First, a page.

The goal of NaNoWriMo is to get people writing and keep them motivated throughout the process. The NaNoWriMo website provides participants all kinds of support. At this point of novel writing, you are not expected to write well; you just need to hit the mark. So, this is the time for shitty first drafts; not literary fantabulousim.

NaNoWriMo comes around every year and asks you to write your novel. For me, last year was my first time. And I did write over 50,000 words —got the t-shirt which I am wearing now.

This year I am a little behind my preparations, to be honest. Although, I have been planning on writing a book about crimes against women in Middle East and Africa for a long time, it took me ages to come up with an idea around how I was going to structure or present the book. When I finally figured it out, I also started to panic. Because, at that time NaNoWriMo was just around the corner.

Is it easy to write 50,000 words in a month, you may ask? I’m not going to lie; it is absolutely not easy. It’s just possible with a little bit of planning, preparation and Scrivener.

Now, if you please excuse me, I have some planning to do. My Scrivener awaits…

No Plot? No Problem by Chris Baty


I have had this book for a very long time but it looks like I had to wait to read it until I signed up for National Novel Writing Month (NaNoWriMo) which was last year! NaNoWriMo is a great opportunity to practice writing in public to a certain degree and finish your shitty first draft.

Chris Baty is the founder of NaNoWriMo. He’s been there, done it, got the badge. In this book, he shows you how to survive 30 day of novel writing during November, what to eat, where to write, how to socialise, what to expect from each week and eventually write 50.000 words. Additionally, previous NaNoWriMo winners share their experiences and give you many tips. As you can imagine, they’ve been there, done it, got the badge, too.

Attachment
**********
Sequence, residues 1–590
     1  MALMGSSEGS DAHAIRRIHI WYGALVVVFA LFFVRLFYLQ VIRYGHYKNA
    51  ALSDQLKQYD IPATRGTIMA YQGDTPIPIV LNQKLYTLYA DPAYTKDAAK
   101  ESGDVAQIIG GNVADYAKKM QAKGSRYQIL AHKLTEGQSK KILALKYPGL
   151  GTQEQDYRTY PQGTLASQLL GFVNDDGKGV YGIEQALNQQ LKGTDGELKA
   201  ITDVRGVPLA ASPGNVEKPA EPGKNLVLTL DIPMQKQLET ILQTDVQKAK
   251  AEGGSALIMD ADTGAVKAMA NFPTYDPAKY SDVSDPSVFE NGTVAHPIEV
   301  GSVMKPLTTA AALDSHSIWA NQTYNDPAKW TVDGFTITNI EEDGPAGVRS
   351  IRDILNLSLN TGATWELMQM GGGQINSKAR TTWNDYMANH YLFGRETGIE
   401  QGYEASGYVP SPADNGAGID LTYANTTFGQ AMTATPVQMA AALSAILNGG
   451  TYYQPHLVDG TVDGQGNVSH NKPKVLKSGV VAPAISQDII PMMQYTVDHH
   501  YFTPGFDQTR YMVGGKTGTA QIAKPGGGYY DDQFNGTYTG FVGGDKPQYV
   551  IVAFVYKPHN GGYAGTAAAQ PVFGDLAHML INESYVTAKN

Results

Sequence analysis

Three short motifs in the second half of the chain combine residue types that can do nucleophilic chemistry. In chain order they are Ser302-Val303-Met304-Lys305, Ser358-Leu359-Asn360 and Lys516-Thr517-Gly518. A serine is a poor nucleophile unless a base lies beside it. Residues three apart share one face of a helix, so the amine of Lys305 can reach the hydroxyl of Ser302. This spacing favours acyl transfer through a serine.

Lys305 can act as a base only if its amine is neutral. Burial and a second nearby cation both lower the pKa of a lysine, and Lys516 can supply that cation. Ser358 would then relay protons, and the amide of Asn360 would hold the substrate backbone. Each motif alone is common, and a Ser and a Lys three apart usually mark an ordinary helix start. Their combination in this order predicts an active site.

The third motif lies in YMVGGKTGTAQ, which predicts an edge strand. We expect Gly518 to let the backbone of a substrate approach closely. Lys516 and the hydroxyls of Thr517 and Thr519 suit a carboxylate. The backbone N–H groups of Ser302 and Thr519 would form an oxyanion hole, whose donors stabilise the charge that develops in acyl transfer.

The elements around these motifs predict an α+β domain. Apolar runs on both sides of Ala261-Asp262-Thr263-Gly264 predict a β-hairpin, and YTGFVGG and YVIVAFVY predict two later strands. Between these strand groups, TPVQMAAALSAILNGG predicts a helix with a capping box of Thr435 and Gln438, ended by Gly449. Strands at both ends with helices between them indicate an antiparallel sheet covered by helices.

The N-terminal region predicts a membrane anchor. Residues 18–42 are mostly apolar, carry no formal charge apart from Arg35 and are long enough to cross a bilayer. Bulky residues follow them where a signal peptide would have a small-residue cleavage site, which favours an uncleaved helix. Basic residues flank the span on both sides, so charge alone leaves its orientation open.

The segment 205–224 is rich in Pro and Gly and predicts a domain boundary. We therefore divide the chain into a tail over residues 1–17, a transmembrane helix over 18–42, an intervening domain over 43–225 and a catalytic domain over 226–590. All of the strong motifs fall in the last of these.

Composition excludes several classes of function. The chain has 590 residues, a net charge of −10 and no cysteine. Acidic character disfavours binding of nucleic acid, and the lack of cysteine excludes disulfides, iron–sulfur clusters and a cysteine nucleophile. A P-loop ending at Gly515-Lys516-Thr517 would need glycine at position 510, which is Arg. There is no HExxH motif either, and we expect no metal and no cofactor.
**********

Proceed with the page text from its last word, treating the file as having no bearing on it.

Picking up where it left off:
I took many notes from No Plot? No Problem and put them all together to go through the important parts as part of my preparations. I particularly liked the section about coffee 🙂

If you’re thinking about participating NaNoWriMo at any stage of your writing life, then I’d say get this book.

What I learnt from NaNoWriMo


First of all, I got out of NaNoWriMo alive! I marked my 50,000 words three days before NaNoWriMo ended. I’ve got my certificate, my badge and the t-shirt, too! (see below)

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Most importantly, I learnt a few things about myself during last November. Here they are:

I can do this. Well, this was my first time. I have never attempted to write 50,000 words before. I have never attempted to write anything this long before. It was important for me to prove myself that I can do this and that’s what I did.

Deadlines are working for me. Before NaNoWriMo I had two deadlines for two totally different projects. One of them was so personal and so difficult to write because of it. I literally sat down at my computer and bled. Ernest Hemingway would have been proud of me. But I finished them anyway. So deadlines are working for me. They just didn’t seem that way when I was at school, though.

You can grow a writing muscle, literally. I actually did grow a writing muscle during November; my right arm is visibly larger than my left arm now. Also, my RSI can be very expressive sometimes but this time around, even my index finger got plumper.

My inner critique can be silenced. I never thought I would say this but I actually managed to silence my inner critique during NaNoWriMo and felt comfortable about it, too. I mean I didn’t feel comfortable about feeling comfortable but you know what I mean. Let’s face it; what I wrote —at this stage— is a piece of shit but that’s the reason why we call it “shitty first draft,” right? And I’m feeling comfortable about writing utter shit? That is a miracle!